Korean bankers are fretting that Apple may shun the country’s bond market after a local newspaper revealed that the secretive U.S. phone maker had recently attempted to invest some of its vast cash pile in a local bank deal.
The Maeil Business Newspaper reported on October 12 that Apple (aapl) had placed an order to buy U.S. dollar bonds of KEB Hana, one of South Korea’s largest banks in asset terms, but that the issuer had chosen not to accept the bid.
The article infuriated Korean bankers, who said Apple was “extremely sensitive” about revealing how it managed its cash.
“This is not a small issue. Apple could stop buying Korean paper entirely,” said a Korean banker, who did not participate in the KEB Hana deal. “This is super crazy.”
Two sources close to the discussions told IFR that Apple had placed an order for KEB Hana’s three-year bonds on October 11 at around 90bp over U.S. Treasuries. KEB Hana began marketing the 2019s at around 95bp over Treasuries and priced later that day at a tighter spread of 85bp to raise US$350 million. Apple didn’t participate at the final price.
KEB Hana also marketed five-year notes at around 105bp over US Treasuries before pricing a $300 million tranche at a spread of 95bp. The longer piece drew a far smaller U.S. following, with an allocation of just 7%. The bonds are rated A1/A (Moody’s/S&P).
The Maeil later revised its article, eliminating Apple’s identity. The story still cited JP Morgan Asset Management and Norway’s central bank as participants in the deal. Concerns over Apple’s reaction stem from a similar case in 2014, when a Hyundai Capital Services executive told reporters that Apple had participated in its recent $500 million issue of three-year floating-rate notes.
That, bankers said, upset Apple so much it refused to take part in any future bond issues from the company.
“Apple never bought Hyundai Capital’s bonds again. Hyundai even went to Reno several times, but Apple would never meet them,” said a banker close to Hyundai (hymtf).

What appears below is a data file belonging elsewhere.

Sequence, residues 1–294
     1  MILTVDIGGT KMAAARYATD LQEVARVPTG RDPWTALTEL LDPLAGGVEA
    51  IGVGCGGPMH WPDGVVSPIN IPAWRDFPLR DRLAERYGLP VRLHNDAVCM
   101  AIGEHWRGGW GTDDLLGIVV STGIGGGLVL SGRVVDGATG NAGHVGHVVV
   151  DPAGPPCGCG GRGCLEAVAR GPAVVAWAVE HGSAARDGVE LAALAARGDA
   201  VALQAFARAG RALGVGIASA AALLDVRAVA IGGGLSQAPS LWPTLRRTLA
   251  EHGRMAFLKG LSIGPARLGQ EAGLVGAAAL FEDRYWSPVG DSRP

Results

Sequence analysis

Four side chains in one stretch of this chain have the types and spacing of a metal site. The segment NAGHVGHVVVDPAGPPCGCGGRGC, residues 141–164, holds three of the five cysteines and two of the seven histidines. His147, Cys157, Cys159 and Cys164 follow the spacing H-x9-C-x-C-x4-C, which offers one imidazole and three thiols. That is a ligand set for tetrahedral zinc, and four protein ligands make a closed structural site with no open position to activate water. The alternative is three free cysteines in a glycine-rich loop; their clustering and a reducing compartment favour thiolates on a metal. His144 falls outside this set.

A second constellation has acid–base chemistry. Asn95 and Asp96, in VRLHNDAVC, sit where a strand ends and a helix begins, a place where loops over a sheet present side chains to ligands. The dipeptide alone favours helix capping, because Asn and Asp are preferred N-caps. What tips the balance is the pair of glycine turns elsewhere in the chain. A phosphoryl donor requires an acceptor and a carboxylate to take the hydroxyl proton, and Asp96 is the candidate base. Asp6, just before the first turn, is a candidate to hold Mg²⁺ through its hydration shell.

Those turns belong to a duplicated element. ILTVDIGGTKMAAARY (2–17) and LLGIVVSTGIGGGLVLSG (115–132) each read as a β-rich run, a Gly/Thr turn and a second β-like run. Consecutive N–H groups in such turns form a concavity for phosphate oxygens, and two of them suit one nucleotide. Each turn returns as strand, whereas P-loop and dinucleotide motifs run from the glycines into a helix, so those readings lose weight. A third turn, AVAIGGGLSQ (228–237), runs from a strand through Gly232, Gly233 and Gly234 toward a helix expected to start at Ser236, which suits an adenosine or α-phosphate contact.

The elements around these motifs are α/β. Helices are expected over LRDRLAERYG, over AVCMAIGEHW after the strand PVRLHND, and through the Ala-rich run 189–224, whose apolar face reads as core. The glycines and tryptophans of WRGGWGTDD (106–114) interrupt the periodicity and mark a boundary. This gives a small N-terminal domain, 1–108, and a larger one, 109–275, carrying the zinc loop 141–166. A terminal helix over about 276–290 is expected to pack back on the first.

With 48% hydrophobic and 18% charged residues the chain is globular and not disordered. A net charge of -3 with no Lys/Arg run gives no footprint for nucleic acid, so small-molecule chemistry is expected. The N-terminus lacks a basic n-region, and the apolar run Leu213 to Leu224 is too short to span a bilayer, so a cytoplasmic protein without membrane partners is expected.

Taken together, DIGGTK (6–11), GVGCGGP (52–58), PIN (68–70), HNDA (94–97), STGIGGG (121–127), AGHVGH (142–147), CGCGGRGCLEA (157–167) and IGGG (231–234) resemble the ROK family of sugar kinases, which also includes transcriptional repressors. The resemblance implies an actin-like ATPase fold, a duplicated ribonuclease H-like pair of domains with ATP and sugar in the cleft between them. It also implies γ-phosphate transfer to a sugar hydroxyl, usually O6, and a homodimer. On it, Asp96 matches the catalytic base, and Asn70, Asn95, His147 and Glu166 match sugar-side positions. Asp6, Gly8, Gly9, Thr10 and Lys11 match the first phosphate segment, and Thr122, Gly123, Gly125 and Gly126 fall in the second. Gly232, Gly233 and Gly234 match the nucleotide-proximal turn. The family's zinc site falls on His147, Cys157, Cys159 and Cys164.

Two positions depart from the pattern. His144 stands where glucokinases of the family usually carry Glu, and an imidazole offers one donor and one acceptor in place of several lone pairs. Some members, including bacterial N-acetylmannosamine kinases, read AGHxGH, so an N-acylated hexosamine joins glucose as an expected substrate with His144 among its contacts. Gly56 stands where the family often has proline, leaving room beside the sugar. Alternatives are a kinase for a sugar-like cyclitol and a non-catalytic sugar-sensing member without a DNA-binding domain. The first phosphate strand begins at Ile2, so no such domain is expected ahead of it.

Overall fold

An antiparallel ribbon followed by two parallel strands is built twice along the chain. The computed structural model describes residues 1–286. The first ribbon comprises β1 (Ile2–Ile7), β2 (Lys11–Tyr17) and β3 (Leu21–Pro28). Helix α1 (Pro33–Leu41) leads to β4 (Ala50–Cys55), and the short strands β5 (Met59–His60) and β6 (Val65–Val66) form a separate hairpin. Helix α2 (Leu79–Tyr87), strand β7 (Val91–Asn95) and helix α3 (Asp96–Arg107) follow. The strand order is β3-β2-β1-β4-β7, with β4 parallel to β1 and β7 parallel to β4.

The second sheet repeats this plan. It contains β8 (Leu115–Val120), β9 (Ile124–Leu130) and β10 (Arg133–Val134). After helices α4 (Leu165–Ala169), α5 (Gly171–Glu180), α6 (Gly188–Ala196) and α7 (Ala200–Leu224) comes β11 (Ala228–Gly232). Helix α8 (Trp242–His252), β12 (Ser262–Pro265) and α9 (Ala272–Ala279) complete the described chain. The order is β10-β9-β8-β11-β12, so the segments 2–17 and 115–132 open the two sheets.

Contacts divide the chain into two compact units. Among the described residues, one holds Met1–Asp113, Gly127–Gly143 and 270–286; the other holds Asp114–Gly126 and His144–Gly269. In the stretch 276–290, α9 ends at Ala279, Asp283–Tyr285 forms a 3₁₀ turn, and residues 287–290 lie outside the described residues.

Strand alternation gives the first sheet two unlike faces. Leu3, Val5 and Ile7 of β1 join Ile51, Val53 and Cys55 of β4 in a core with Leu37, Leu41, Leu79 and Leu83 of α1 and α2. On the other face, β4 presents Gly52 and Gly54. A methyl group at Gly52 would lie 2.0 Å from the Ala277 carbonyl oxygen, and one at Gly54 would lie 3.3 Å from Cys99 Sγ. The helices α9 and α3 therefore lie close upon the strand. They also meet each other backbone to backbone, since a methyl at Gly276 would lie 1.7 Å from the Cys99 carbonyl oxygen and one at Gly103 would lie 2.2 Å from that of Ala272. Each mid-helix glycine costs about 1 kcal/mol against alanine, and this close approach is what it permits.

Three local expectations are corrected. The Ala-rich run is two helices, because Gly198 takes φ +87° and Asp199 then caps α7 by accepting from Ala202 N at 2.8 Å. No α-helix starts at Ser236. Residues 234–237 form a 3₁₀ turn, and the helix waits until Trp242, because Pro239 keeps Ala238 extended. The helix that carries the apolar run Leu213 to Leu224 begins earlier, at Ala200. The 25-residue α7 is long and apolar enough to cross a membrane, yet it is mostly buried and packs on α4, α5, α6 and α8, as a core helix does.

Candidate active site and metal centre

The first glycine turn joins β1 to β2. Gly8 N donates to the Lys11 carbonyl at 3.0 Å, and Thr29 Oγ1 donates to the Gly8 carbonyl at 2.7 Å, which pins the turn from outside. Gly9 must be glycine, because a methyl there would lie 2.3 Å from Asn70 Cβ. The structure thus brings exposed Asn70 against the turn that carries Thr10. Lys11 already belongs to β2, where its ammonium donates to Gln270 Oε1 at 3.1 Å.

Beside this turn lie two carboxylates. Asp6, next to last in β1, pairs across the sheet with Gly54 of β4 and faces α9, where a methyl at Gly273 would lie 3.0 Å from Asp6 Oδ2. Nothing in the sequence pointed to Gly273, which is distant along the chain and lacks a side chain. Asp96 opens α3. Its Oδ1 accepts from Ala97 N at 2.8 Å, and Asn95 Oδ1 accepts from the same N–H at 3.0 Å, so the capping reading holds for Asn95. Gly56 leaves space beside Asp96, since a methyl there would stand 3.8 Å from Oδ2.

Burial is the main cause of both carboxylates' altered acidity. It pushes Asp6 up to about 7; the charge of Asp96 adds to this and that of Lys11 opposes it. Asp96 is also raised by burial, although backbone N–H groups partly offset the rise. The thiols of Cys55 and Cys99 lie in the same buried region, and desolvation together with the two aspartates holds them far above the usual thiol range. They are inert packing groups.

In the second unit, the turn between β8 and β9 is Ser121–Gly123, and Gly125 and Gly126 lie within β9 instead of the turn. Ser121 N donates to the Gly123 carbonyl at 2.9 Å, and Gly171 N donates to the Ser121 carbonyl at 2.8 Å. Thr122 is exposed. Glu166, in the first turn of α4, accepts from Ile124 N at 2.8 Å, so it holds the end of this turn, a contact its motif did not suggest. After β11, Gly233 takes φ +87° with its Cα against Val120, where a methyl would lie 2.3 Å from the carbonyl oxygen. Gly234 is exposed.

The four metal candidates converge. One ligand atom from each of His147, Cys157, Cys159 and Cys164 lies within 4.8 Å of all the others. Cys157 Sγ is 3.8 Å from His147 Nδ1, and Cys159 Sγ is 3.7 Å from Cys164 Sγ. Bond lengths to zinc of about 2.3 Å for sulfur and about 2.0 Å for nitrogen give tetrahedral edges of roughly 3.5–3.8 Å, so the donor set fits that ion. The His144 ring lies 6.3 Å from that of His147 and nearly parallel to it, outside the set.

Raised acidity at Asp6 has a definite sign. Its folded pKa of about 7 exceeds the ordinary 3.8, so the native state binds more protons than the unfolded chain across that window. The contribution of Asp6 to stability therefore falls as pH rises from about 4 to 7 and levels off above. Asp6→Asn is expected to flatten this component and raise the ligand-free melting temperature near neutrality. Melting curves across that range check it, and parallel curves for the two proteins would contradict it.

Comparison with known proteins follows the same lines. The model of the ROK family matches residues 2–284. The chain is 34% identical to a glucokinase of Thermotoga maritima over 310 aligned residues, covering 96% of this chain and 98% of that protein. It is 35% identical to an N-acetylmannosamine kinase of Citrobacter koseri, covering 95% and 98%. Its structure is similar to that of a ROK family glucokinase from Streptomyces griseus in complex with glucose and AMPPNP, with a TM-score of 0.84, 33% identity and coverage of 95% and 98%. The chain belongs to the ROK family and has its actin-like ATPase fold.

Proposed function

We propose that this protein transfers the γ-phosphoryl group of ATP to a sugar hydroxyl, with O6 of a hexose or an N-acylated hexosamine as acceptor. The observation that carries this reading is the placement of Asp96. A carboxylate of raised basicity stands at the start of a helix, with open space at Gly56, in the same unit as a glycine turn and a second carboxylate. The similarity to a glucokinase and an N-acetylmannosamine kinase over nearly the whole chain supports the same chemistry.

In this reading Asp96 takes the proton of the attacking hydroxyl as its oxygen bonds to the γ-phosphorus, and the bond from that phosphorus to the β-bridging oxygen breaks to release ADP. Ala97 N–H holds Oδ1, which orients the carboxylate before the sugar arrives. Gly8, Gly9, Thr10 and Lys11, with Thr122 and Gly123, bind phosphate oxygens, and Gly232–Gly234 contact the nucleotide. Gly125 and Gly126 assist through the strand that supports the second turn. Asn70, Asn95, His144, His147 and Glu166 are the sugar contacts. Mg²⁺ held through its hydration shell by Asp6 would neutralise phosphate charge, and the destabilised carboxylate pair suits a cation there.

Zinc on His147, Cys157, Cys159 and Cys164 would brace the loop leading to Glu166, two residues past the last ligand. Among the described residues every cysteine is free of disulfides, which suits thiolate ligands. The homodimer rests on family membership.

Apple, with its corporate headquarters in Cupertino, California, manages much of its cash and treasury operations through a subsidiary, Braeburn Capital, in Reno, Nevada.
Apple did not respond to a request for comment.
Apple’s total cash, cash equivalents and marketable securities reached a record $238 billion as of September 24, according to a 10-K filing, making it the world’s biggest corporate investor.
How Apple deploys its war chest is a sticking point for shareholders, who have demanded that the company shell out higher dividends.
Apple’s current quarterly coupon of $0.57 per share represents a dividend yield of a little under 2% at the existing share price. Earlier this year, Apple committed to annual dividend increases and, on October 25, CFO Luca Maestri pointed out that it had returned $9.3 billion to investors through dividends and share repurchases in the latest quarter.
Apple announced a third successive quarter of declining iPhone sales last week and forecast lower-than-expected profit margins for this holiday season, despite projections of record sales.
In the third quarter, Apple had a 12.5% share of the global smartphone market, accord to IDC. Korean rival Samsung (ssnlf) led with a 20% market share.
KEB Hana became one of South Korea’s largest banks asset-wise, following the completion in July of a merger between Hana Financial Group and Korea Exchange Bank. Hana bought KEB from US private-equity firm Lone Star in 2012.
Citigroup, JP Morgan, Credit Agricole, Standard Chartered and UBS were joint bookrunners on the KEB Hana offering.